A Londoner’s Sunday
Piers Gladstone abandons the tourist trails and the glitzy West End to take us off the beaten track in London. It is 8:15 am on a Sunday morning. A smartly dressed lady is holding a large potted plant she has just bought. “How should I look after it?” she asks the flower trader. “Every morning, give it egg and bacon darling,” he replies with a cheeky grin on his face.
Photos by Sveva Costa Sanseverino
Columbia Road Flower Market, which is in the heart of the East End of London, is a small and narrow street in a residential area that bursts into life every Sunday morning when flower traders set up their stalls on either side of a fifty-metre stretch. Historically, the City (London’s financial district) and the western suburbs of London have seen different classes living side by side, but not in the East End, which has always been inhabited by the working classes and the poor since the 1600’s. This has now started to change, as artists, designers, new media companies and, more recently, young professionals have been moving into the area since the 1990’s. The East End has, however, been able to keep its unique atmosphere.
From all directions the cockney traders are hawking their wares at the top of their voices. “Eight pounds an orchid – that’s silly money!” “Four pots of daffodils for a fiver!” “Any three shrubs for a tenner! Pick whichever ones you like.” In a riot of colour; flowers, shrubs and boxes of bulbs cascade from the sidewalk into the middle of the road.
We head straight for the pub, The Royal Oak, which opens at 8 am every Sunday so that traders and customers can have a beer and an English breakfast. The doors are locked and there are no lights on inside. “Closed for refurbishment, mate,” says the nearest flower trader. He tells us where we can find some breakfast as three young and fashionably dressed men stagger towards the pub, still enjoying their night out. They try the doors before weaving off down the pavement.
We sit in a courtyard of a small industrial building, the brickwork worn by the centuries, drinking coffee and eating sausage sandwiches. Friends are gathering and chatting. An old gentleman in a tweed jacket stands with a bacon sandwich in his right hand and his Sunday newspapers tucked under his left arm. By his feet sits a large bunch of flowers. A couple sip their cappuccinos and discuss what size of potted shrubs they should buy to go on either side of their front door.
More early morning Londoners arrive at the market as the spring sun starts to peek over the tops of the houses. It is not too crowded and people take their time, slowly making their way from stall to stall. The atmosphere is friendly and relaxed as traders and strangers say good-morning to each other. In the distance people can be seen walking off down the streets clutching armfuls of flowers and shrubs.
The small old-fashioned shops that line Columbia Road are a mix of the new and the old, reflecting the tastes of those who come here each week. “Mad Fashion Bitch” stands opposite “Lee’s Sea Foods,” whose sign looks at least thirty years old. There are old-fashioned workingmen’s cafes next door to shops displaying designer clothes, antiques and perfume. There is a traditional bakery as well as a new stylish tapas bar. The past and the present effortlessly mix and co-exist here.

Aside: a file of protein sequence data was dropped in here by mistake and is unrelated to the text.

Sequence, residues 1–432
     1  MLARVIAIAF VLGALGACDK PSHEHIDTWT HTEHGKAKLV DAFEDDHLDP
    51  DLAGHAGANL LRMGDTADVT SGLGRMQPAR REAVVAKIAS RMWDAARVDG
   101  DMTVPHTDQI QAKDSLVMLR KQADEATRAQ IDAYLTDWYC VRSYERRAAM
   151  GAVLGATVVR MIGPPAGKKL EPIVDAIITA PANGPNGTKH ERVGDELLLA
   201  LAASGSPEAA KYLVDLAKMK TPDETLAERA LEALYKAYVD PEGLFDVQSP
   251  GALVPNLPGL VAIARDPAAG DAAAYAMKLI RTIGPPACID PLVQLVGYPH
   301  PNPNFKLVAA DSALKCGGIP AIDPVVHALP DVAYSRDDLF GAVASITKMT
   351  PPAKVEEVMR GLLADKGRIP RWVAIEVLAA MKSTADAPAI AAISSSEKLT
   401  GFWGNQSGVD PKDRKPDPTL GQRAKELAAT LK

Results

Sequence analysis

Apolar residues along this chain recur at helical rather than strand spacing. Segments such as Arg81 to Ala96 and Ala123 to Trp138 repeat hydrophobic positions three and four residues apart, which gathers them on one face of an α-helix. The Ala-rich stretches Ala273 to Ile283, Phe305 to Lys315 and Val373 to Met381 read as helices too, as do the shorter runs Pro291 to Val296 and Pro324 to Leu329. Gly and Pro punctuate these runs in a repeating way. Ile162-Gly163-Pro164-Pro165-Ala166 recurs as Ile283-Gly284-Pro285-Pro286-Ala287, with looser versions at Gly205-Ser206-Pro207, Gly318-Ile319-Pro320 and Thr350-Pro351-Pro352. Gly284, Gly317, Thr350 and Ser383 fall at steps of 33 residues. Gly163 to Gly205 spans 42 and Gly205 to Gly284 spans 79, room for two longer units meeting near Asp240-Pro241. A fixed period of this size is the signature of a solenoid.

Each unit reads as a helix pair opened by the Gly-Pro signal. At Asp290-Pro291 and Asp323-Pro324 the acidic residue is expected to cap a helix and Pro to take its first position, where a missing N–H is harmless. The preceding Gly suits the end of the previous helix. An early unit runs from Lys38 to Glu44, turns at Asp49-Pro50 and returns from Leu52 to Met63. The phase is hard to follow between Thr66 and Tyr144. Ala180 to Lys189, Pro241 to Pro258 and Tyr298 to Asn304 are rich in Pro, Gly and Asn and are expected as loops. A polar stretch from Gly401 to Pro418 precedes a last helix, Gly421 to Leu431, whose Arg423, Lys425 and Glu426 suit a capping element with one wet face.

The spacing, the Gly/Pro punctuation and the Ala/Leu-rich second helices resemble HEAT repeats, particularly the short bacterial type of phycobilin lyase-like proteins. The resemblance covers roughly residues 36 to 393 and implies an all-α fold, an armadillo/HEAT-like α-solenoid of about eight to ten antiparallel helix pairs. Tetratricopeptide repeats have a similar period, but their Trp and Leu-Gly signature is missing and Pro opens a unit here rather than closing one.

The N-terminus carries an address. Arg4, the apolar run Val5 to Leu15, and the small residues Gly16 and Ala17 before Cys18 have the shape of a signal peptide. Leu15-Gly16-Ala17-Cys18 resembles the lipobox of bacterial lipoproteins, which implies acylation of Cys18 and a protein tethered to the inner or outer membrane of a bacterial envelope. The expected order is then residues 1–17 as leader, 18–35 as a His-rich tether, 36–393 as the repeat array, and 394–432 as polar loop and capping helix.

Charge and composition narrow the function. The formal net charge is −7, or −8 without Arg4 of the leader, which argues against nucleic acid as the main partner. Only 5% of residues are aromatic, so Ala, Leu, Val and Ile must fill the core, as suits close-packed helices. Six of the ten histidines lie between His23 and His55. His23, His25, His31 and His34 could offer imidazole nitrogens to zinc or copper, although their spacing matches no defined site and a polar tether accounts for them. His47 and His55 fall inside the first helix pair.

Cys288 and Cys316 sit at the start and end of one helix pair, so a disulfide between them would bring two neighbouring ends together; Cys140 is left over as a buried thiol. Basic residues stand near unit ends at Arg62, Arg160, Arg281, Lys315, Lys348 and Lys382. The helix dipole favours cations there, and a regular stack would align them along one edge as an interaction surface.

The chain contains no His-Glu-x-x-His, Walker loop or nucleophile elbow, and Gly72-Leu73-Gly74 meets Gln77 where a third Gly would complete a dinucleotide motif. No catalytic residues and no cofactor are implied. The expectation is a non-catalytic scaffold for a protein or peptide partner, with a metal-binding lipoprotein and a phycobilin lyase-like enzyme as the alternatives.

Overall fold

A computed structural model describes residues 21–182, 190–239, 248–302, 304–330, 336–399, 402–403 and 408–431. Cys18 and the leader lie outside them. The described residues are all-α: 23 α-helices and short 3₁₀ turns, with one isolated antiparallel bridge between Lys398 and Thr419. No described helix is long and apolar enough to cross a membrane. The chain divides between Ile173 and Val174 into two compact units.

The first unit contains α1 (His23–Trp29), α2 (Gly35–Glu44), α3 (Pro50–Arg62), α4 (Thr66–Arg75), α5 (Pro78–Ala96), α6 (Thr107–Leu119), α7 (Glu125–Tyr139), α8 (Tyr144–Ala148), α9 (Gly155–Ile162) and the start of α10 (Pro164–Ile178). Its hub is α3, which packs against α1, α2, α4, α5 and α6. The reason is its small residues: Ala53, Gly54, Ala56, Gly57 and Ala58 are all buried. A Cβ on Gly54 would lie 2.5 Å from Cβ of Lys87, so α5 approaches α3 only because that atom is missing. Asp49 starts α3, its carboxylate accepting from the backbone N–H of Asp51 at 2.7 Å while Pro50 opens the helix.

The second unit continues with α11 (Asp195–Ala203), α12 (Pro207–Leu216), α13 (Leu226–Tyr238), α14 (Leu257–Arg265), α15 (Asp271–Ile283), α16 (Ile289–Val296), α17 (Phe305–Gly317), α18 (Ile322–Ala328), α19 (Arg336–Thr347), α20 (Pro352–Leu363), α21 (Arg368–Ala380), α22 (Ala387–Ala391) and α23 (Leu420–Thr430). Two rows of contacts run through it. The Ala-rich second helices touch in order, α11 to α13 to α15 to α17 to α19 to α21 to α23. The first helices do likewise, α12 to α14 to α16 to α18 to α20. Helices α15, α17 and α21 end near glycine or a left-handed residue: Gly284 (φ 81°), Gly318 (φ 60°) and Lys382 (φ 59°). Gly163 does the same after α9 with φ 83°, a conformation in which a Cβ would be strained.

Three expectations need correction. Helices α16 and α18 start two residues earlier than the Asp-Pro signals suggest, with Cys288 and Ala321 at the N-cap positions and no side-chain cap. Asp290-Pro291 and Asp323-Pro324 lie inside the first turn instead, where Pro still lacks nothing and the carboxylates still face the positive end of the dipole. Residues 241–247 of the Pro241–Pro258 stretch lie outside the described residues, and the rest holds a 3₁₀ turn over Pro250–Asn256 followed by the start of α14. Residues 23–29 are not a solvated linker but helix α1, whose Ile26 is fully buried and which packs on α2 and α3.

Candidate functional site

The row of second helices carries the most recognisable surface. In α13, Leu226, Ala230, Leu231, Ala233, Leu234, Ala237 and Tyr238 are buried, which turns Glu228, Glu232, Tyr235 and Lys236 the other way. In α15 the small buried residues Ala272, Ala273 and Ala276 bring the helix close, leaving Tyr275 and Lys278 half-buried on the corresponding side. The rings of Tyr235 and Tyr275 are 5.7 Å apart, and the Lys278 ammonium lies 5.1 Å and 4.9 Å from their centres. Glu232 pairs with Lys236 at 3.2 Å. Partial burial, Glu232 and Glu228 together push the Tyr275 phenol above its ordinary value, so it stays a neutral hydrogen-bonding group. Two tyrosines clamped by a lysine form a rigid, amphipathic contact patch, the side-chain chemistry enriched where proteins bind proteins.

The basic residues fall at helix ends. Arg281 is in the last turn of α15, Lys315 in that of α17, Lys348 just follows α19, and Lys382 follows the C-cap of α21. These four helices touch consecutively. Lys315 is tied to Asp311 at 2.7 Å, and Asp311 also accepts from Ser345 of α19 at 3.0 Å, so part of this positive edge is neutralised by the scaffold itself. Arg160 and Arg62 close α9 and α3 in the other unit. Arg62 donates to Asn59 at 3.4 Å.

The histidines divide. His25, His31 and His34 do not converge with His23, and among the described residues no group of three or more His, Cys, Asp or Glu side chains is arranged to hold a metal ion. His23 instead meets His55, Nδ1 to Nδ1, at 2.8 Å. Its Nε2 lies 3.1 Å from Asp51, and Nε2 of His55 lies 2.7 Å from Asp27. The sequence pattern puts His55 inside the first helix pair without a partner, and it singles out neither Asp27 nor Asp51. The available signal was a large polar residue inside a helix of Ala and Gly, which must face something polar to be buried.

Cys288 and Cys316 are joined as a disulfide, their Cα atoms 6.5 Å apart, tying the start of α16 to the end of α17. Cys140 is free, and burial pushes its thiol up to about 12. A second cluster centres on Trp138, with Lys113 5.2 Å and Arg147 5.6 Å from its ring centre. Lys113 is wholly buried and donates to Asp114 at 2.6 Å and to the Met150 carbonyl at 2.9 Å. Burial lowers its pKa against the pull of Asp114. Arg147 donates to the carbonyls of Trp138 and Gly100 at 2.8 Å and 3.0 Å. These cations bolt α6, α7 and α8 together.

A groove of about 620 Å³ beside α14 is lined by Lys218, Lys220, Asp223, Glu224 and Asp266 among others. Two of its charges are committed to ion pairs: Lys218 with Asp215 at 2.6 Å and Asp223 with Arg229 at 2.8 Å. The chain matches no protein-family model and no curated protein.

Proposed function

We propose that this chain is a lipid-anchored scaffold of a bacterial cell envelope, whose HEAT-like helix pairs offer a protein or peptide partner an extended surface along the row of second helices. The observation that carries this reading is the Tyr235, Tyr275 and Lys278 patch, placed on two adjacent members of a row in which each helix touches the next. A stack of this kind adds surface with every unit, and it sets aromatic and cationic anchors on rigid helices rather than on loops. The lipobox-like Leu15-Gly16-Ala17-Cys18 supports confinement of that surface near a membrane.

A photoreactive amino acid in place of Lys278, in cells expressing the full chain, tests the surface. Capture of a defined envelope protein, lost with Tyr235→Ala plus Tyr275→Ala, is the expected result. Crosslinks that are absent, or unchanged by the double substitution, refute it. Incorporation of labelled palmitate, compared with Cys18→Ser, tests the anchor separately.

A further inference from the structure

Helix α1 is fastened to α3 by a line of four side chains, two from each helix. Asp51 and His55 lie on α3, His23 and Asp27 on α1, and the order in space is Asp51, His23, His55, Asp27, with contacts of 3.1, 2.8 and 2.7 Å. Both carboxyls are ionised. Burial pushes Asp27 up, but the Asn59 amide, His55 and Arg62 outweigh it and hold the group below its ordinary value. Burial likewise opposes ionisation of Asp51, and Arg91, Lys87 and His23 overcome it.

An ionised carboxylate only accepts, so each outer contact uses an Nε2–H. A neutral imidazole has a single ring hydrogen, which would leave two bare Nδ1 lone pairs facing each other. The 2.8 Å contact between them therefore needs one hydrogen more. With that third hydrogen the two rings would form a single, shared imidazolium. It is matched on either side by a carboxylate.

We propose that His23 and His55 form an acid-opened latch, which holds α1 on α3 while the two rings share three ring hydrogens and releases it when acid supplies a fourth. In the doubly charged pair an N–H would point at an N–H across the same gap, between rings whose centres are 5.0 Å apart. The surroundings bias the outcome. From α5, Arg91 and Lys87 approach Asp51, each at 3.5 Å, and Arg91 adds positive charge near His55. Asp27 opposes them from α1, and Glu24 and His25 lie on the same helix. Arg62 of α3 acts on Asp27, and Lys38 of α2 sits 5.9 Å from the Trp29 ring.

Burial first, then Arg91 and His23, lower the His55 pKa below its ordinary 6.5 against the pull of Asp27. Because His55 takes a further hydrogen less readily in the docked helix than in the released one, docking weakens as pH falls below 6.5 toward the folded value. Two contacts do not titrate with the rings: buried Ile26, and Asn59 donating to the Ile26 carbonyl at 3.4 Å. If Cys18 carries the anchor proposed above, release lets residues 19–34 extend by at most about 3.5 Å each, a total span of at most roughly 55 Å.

The adjacent streets are entirely residential and would look poor and run down in any other part of London. Here, they are awash with colour; shrubs and palm trees in the flowerbeds, hanging gardens and window boxes on each of the balconies. It seems that locals as well as people from other parts of London are keen for their flowers.
We cross Bethnal Green and make our way towards Whitechapel. In the middle of the green stands a four meter high metal sculpture of four football players. Two CCTV cameras pointing in opposite directions have been added to the top of the sculpture. This is inner city London reflecting its view of the world through art.
Whitechapel Road, made famous by Jack the Ripper, is still quiet at this hour. Two old Indian men smile and wish us good morning. One has his white beard dyed orange to signify he has made the journey to Mecca. One hundred years ago this road had more than forty-five pubs and beer houses on it. Now, there are virtually none. What was once the heartland of the London working class is now a predominantly Muslim district. One of London’s largest mosques sits on the same stretch of road as the nation’s oldest industrial enterprises: The Whitechapel Bell Foundry, founded in 1420. The bells for Big Ben and St Paul’s Cathedral were cast here, and they are still making bells to this day. In the window of the foundry’s shop there is an advertisement for personalised bells which the ad says would make an ideal and unique gift. Sitting on the wall is a man rolling a cigarette, two beer cans to his left, one open, the other closed. He looks up and pauses, smiling, as a girl in a blue blazer with large gold buttons and matching gold shoes walks past.
The Whitechapel Gallery was established in 1901 “to bring the best of world art to the people of East London” evidently as a spiritual remedy for the poverty and squalor of the area. It has been hugely popular with the local population ever since, presenting the likes of Hockney, Rothko and Pollock in their first solo UK shows. Today’s exhibition, “Whitechapel Laboratory – Jennifer Allora & Guillermo Calzadilla” is in keeping with this little-known gallery’s history of showcasing contemporary art. Three short films musing on the political, social and environmental impact of globalisation are being shown. One of them, ‘Amphibious’, was shot on the Pearl River Delta in China, where large-scale investment in manufacturing has transformed the area into one of China’s leading economic engines. Against a backdrop of boats and container ships, six turtles float quietly downstream on a single log. “They stare and stare,” the artists inform us, “seemingly prehistoric witnesses to our post-colonial patterns of production and consumption.”
Since the 1680’s, immigration has shaped and influenced the area of Spitalfields, which borders Whitechapel. The first immigrants were Huguenots: French Protestants who fleeing the persecution of Louis XIV brought with them their skills as silk weavers. The Huguenots transformed Spitalfields into the largest textile area in London and a major European producer, with up to 50,000 people working in the trade. In the 1890’s, Jewish refugees arrived from Poland and Russia, taking over the remaining textile factories, watchmakers and clock shops. In the post-war boom of the 1950’s and 60’s, the now prosperous Jewish community left for the northern suburbs of Golders Green and Hampstead, and were replaced by Bengali immigrants from India and Bangladesh. Again, the newest arrivals took over the cheap clothing businesses left by their predecessors. All of these immigrants have left their historical fingerprints. The old Huguenot chapel in Fournier Street became a synagogue and is now a mosque.